When we talk about space we are talking about the area around an object, the area above/below an object or the area inside an object. Here are some details we might consider when teaching about space.
- Size: objects that are larger look like they are closer to the viewer while smaller objects look like they are farther away
- Overlap: when you partially cover one shape/object with another, the one on top looks closer
- Placement: shapes that are placed closer to the horizon line look farther away. Shapes that are drawn / placed near the bottom or top of the paper/canvas look closer. Where the shape is in relationship to the horizon helps to create depth
- Atmospheric perspective: objects look farther away when they start losing colour brightness and detail
- Shading: shading makes shapes look more 3D – you can add light/shadow to the surface of objects to make them look the way they would in real life under the same lighting
- Linear perspective: Lines drawn to/from a vanishing point help create the illusion of space. Sometimes you might have two or three vanishing points in your work.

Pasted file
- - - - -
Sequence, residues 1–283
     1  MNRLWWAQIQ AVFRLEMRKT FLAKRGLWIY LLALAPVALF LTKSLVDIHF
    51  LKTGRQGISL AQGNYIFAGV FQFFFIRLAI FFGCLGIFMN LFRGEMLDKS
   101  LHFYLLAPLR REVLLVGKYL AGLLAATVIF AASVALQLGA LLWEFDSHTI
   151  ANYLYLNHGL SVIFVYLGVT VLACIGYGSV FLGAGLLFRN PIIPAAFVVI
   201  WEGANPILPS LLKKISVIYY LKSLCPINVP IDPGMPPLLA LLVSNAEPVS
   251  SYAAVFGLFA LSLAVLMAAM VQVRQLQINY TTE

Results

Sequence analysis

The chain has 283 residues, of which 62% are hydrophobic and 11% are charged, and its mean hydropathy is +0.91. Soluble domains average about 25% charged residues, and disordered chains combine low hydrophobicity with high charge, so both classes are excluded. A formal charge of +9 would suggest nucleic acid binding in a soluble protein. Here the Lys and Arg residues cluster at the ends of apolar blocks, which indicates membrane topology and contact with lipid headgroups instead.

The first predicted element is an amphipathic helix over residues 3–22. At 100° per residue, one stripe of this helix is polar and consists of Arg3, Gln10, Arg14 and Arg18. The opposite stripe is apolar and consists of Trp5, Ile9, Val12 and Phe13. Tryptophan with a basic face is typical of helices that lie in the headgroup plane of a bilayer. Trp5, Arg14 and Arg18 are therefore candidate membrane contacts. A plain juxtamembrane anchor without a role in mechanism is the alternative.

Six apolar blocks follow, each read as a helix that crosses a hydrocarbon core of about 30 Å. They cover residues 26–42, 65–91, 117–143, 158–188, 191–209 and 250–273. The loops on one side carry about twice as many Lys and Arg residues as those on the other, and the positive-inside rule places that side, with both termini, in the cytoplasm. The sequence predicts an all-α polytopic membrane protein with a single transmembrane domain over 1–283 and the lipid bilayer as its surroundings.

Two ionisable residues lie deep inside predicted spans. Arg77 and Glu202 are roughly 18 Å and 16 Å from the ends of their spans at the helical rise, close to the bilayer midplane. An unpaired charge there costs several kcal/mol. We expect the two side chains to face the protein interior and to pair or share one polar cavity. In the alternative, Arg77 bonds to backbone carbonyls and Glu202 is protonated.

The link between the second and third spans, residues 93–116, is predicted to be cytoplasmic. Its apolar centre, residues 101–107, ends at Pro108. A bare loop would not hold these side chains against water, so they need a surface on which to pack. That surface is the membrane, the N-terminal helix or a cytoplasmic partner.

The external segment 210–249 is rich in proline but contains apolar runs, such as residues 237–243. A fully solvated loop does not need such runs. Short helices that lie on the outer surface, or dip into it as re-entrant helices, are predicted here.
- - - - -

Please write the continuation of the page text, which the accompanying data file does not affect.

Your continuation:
- Positive vs negative space – positive space is the space where shapes are drawn and negative space is the space around that – the “empty” space. You can link this concept to inquiry questions and big ideas to do with the real world – e.g. how do we talk about our world in terms of positive / negative and what is there vs what is missing. Is negative space darker/scarier/lonely? Is it really negative space or just the space around the image.
See Concepts for the Elements of Space for more.
Source: a bunch of the information above came from this Michigan SD website: http://www.wcs.k12.mi.us/cousino/wcsart/Art%20Foundatons%20Site/space.html